Take Care of Your Health at Every Age: A Guide for Your 50s, 60s and 70s

Take Care of Your Health at Every Age: A Guide for Your 50s, 60s and 70s

(BPT) – While many people already practice tenets of good health – maintaining an active lifestyle, eating well, addressing mental health and visiting healthcare providers regularly – there are additional considerations as we age. You can prepare for long-term wellness and minimize costs for future healthcare expenses, either by avoiding costly procedures or by having the coverage in place to protect your savings.

Though any time is a good time to take action, here are some considerations to protect your health and your pocketbook at each stage of life.

Looking Forward in Your Fifties

Fifty and feeling fine? That’s great news! Now is the time to focus on preventive measures to minimize potential health issues and costs down the road.

As you look toward your future, start with your eyes. They can be early indicators of other health conditions, such as high blood pressure, heart disease, anemia and cancer. Frequent changes in how clearly you can see, for example, may be a sign of diabetes or hypertension (high blood pressure).

Even if you’ve never worn glasses, vison problems and eye disease become more prevalent with age, such as worsening of near vision, dry eye, glaucoma, cataracts and more. Most eye conditions can be treated if found early, making an annual exam with your ophthalmologist or optometrist a smart choice.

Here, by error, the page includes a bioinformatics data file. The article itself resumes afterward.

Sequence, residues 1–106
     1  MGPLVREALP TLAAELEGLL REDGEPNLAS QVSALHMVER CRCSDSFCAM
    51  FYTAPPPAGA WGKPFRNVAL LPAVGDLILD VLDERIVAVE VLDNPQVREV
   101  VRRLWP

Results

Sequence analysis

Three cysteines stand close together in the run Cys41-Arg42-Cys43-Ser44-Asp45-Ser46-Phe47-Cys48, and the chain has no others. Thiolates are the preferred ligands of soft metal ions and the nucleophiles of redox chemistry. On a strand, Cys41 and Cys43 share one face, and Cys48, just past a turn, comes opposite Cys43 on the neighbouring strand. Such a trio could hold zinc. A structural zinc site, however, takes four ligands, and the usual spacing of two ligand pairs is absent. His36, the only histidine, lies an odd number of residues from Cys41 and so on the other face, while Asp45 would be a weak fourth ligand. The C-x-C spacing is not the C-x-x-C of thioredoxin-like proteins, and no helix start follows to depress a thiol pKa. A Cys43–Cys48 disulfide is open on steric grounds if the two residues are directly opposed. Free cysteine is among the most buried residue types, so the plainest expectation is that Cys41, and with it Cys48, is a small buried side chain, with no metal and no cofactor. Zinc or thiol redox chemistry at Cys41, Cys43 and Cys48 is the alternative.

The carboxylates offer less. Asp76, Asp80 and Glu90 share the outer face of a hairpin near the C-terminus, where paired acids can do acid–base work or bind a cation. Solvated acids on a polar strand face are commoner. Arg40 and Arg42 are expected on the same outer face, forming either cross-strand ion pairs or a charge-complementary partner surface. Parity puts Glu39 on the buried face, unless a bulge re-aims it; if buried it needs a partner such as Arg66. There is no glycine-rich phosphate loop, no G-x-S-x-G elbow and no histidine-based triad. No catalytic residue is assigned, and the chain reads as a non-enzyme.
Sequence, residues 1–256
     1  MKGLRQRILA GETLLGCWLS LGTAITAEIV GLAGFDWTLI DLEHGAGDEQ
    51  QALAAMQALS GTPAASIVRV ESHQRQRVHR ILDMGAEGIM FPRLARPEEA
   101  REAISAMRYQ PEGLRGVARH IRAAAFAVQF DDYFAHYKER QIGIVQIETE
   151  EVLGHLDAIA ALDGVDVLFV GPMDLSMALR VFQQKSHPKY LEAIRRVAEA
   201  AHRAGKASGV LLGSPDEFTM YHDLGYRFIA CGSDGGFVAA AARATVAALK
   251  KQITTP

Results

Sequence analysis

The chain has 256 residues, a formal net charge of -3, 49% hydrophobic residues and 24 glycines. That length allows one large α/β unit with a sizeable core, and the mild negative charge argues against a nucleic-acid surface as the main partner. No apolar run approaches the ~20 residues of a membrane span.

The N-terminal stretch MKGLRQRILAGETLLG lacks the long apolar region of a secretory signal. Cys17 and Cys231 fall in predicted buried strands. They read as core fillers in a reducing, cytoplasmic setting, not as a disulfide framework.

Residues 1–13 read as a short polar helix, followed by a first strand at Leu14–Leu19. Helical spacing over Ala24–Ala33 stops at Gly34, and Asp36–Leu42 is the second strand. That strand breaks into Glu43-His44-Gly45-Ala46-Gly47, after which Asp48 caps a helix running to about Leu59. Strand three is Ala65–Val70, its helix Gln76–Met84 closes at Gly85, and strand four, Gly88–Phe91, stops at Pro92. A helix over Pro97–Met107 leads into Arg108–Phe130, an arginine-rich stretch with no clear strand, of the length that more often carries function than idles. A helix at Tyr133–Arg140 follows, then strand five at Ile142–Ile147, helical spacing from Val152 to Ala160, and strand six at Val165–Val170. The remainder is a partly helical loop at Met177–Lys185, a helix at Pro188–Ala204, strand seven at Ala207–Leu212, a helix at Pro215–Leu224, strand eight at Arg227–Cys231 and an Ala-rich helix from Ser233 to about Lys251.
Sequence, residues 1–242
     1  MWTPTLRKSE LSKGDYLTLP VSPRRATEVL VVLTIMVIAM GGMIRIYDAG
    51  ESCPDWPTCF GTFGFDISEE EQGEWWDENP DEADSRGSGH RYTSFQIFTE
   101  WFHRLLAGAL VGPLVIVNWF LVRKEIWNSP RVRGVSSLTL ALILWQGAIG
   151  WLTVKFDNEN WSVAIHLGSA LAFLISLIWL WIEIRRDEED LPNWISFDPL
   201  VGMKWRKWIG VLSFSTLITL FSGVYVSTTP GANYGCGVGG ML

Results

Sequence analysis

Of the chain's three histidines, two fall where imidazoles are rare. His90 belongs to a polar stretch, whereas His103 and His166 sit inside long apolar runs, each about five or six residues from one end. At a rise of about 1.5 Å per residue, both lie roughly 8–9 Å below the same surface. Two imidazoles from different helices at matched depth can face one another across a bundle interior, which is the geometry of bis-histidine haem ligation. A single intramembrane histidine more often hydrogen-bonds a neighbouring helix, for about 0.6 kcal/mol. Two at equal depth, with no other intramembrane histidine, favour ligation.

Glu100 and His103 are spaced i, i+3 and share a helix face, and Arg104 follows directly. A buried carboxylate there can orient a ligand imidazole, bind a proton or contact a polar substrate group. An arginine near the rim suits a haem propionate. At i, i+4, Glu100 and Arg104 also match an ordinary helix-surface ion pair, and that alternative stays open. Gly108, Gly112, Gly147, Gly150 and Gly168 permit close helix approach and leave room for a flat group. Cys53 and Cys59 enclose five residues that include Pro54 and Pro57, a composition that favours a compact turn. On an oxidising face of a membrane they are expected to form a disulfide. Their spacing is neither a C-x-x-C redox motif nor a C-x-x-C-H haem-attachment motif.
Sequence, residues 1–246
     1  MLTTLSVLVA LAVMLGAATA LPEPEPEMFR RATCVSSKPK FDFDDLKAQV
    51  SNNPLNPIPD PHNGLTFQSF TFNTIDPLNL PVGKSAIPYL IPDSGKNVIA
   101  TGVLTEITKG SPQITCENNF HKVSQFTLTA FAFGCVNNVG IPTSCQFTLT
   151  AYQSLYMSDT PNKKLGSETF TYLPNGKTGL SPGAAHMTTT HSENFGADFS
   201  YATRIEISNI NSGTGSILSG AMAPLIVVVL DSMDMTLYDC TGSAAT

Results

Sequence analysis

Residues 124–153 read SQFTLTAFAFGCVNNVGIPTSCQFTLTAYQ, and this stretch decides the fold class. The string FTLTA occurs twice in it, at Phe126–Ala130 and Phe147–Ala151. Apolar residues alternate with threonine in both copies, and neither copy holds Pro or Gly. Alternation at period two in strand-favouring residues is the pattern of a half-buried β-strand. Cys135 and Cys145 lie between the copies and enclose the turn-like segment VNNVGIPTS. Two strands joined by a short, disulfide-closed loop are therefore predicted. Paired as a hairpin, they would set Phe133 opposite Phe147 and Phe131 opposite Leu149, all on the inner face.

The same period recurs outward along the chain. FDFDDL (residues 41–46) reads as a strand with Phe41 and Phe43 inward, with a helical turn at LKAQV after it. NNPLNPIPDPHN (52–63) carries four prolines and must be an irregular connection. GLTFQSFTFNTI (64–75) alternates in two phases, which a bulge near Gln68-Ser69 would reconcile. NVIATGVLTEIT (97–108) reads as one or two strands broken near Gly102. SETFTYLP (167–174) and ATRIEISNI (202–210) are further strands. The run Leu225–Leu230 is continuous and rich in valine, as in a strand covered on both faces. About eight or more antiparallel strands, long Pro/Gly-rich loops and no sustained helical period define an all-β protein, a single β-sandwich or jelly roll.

Check whether your health coverage includes vision benefits, which can include coverage for eye exams and discounts on reading or prescription eyeglasses, sunglasses and contact lenses.

Even with the best eyesight, unfortunately, none of us can see into the future. In your 50s, when you’re active and independent, assisted living may not be in your plans, but the future is unknown. Ultimately, about 60 percent of people at some point in their lives will need short-term assistance with things like getting dressed, driving to appointments or making meals, either at home or within an assisted living or long-term nursing care facility. It may be helpful to consider options to ensure that you have the right coverage for potential long-term care needs.

The median cost of one year of care in a private room at a nursing home facility is $105,850, while the median cost of a private, one-bedroom room in an assisted living facility is $51,600 per year. With long-term care insurance, you can protect yourself from these expenses. Long-term care insurance reimburses you for the services needed to maintain your lifestyle if age, injury, illness or cognitive impairment make it challenging for you to care for yourself, providing you with the support you need while keeping your savings intact.

Secure and Smiling in Your Sixties

Your 60s are a great time to think about healthcare coverage and overall financial security as you head toward retirement.